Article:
Summer Heat?

2010-09-06 22:25:38.000 – Ryan Knapp,  Staff Meteorologist

Does our summers heat stack up like these clouds?

In June, I predicted to my coworkers that this summer would break our stations all time high temperature of 72F. It seemed realistic at the time. Long term models showed several high temperatures that had us in the 70s. But as the days progressed and those once distant temperatures moved closer and closer, the maximum temperatures would slowly nudge back down to below the 70 degree bar. June passed, and nothing. July passed, and nothing. And then August passed, normally our warmest month up here, and after doing this months check, I can say, still nothing. We came close to the 70F bar with a high of 69F in July but we never quite crossed the line. And now that we are in September with the highest temperature for the month ever at 69F, a new all time high temperature seems out of the question. And for this, I am thankful. Not because it would mean a new number to memorize but because it would be a lot of paper work and website alterations as well as poking the flames of the general public’s general misunderstanding of how climate change works. So, problem averted, at least here.

So, we didn’t set an all time high record but how do we stand with temperatures overall? I have been reading several articles about all the heat this summer and some of the records it is setting both in the US and abroad. Just google “hottest summer on record” or a particular month and you’ll see what I mean. However, for the summit station of Mount Washington, although we have been warm, it is not our hottest summer on record. June’s average temperature was +0.1 degrees above normal, July was +3.0 above normal and August was +0.8 above normal. These were warmer than last years departures of -0.9, -2.6, and +1.7 for the three months. But back in 2008, we saw +3.2, +2.3, and -0.5 for the three months. So, 2010’s summer wasn’t record setting in the least. Since our weather records are still a work in progress as far as digitizing goes, I can’t quickly look up what summer was our warmest. But, I can clearly say this summer wasn’t the hottest since it wasn’t even the first or second hottest in the past decade.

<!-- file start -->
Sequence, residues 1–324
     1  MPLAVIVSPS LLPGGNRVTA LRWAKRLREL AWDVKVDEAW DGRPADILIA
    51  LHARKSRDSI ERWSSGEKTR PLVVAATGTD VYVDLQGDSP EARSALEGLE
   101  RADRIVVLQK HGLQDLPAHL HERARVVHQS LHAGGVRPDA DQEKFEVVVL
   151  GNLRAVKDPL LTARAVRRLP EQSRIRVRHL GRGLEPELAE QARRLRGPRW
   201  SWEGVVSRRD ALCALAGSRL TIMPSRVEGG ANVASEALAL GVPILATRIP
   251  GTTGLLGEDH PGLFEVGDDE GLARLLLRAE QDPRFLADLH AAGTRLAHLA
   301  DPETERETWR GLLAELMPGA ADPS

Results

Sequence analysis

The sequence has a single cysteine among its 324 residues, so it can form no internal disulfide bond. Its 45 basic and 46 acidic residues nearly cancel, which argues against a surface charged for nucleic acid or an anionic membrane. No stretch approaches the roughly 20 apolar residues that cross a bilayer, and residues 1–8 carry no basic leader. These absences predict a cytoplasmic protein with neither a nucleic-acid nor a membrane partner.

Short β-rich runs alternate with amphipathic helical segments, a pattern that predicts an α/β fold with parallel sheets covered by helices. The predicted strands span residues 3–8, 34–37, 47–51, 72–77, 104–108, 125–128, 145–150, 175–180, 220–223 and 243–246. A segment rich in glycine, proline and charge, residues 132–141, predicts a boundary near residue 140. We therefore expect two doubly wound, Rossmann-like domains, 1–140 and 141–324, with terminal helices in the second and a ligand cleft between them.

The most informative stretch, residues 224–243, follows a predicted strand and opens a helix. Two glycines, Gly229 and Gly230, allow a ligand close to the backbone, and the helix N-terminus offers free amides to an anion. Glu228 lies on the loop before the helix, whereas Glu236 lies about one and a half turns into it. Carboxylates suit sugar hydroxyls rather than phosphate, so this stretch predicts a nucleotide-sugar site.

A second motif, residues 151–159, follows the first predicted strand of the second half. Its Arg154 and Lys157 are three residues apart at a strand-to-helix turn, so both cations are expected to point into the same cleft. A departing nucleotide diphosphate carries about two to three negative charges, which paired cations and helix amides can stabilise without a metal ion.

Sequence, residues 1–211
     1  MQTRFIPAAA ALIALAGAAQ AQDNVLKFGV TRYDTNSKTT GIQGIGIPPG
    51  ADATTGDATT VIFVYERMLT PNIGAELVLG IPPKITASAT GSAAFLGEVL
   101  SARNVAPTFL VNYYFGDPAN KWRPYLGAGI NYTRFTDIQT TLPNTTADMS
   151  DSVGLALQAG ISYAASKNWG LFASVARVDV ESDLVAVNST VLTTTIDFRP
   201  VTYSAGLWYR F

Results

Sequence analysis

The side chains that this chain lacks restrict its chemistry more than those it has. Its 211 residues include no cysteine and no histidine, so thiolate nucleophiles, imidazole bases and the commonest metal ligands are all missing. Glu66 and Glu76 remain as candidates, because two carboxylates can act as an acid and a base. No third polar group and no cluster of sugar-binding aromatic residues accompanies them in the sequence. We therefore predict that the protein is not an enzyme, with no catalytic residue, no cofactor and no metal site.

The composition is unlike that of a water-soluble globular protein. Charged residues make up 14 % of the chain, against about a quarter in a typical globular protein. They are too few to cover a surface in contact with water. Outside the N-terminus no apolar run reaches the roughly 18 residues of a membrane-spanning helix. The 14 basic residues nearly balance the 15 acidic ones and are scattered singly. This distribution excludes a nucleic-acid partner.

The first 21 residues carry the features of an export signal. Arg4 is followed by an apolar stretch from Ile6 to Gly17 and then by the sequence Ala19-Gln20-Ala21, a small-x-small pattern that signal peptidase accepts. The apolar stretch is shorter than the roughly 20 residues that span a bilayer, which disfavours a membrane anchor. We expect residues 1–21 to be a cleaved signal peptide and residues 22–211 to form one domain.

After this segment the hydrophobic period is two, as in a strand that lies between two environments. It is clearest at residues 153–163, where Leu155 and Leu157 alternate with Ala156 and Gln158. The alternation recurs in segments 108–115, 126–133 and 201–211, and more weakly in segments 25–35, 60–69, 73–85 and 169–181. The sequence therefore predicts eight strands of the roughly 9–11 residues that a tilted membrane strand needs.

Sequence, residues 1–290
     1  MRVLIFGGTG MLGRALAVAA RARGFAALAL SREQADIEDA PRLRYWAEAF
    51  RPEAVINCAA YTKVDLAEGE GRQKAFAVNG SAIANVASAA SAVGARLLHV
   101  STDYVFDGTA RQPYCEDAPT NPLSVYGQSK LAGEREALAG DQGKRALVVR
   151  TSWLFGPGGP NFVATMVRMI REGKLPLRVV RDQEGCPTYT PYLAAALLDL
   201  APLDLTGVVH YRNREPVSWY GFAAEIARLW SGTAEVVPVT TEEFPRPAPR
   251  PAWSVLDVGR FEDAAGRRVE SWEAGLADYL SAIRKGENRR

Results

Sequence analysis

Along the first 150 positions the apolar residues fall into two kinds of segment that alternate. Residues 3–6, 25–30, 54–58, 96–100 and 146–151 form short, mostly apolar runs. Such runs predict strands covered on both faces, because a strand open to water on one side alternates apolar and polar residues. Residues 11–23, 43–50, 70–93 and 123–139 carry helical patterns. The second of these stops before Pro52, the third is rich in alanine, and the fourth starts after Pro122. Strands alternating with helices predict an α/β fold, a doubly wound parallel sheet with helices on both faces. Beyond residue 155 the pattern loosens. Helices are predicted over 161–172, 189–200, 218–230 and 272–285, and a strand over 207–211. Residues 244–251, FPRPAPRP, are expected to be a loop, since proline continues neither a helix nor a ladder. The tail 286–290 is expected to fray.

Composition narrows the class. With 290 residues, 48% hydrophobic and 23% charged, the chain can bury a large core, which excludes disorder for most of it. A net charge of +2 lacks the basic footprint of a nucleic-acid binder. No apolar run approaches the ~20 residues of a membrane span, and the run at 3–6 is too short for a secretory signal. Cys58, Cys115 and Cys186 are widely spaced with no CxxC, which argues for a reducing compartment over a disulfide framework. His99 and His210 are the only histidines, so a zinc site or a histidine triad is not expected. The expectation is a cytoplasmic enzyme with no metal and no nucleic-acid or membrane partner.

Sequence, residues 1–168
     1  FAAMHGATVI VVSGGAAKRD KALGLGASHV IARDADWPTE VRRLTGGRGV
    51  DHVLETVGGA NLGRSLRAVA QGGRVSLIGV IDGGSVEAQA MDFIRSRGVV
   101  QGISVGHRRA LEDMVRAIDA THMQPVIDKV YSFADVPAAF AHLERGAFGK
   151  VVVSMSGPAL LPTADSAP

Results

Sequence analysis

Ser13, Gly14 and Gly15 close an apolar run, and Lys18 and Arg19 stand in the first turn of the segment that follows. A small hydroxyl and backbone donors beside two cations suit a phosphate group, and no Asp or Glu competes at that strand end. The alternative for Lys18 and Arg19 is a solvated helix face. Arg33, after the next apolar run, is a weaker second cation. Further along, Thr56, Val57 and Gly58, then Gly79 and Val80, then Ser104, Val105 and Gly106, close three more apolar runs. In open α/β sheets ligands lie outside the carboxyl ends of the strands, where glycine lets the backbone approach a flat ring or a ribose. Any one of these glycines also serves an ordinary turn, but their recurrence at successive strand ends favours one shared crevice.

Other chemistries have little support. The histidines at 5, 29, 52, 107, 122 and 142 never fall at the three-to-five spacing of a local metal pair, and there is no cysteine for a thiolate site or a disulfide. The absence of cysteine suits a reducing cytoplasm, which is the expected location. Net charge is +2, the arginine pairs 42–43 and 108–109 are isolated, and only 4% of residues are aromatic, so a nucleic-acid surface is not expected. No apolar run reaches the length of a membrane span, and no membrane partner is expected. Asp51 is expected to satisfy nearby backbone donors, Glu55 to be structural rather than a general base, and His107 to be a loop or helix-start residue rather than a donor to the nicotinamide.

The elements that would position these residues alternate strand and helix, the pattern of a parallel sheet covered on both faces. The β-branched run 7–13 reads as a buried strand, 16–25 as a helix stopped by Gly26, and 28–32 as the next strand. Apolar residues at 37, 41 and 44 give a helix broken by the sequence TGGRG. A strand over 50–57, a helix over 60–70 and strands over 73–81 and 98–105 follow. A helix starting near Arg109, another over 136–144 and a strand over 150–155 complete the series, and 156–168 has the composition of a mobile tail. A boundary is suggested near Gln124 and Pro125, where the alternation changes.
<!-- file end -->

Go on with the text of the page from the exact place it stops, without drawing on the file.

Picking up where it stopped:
So we weren’t exceptionally hot but how did we fare in other aspects? For monthly maximums, June saw 62F, July saw 69F (the only daily record high that was set for the three months), and August saw 62F. Monthly minimums saw 29F in June, 32F in July and 30F in August. As far as precipitation, we had 56 (out of 92) days with rain and 8 days with snow (mostly falling as hail). Snowfall for the three months (again, most of it falling as hail) totaled 0.6 inches, -0.5 inches below normal. Precipitation (rain + melted snowfall) totaled 22.32 inches over the three months putting us -2.14 inches below normal. Winds were above normal all three months with June being +2.4, July +3.2, and August +3.0 mph above normal. Each month saw less than 30% of their possible sunshine minutes. There were only 2 (of the 92) days that were defined as being “clear” up here. Of the remaining 90 days, only 12 were partly cloudy with the remaining 78 days defined as cloudy or completly obscured. And every single day saw some amount of fog.

So, the summer of 2010 on Mt Washington, NH could be summarized as being warmer than normal, drier than normal, windier than normal, and cloudy/foggy. It wasn’t record breaking (apart from the one daily high). It wasn’t exceptionally high or low in any aspects really. It was a bland summer and won’t really be anything memorable for us as far as weather goes. But weather isn’t what always makes this place memorable. It is the sights you see, the people you meet, and the connection we all have with the weather up here that sears this summer and this summit to memory. And I am looking forward to the coming months to see what new people and events will come my way that will continue to make this place so memorable to me and my coworkers. Cause, if I’ve learned anything up here, no two days (like snowflakes) are ever alike.

 

Ryan Knapp,  Staff Meteorologist

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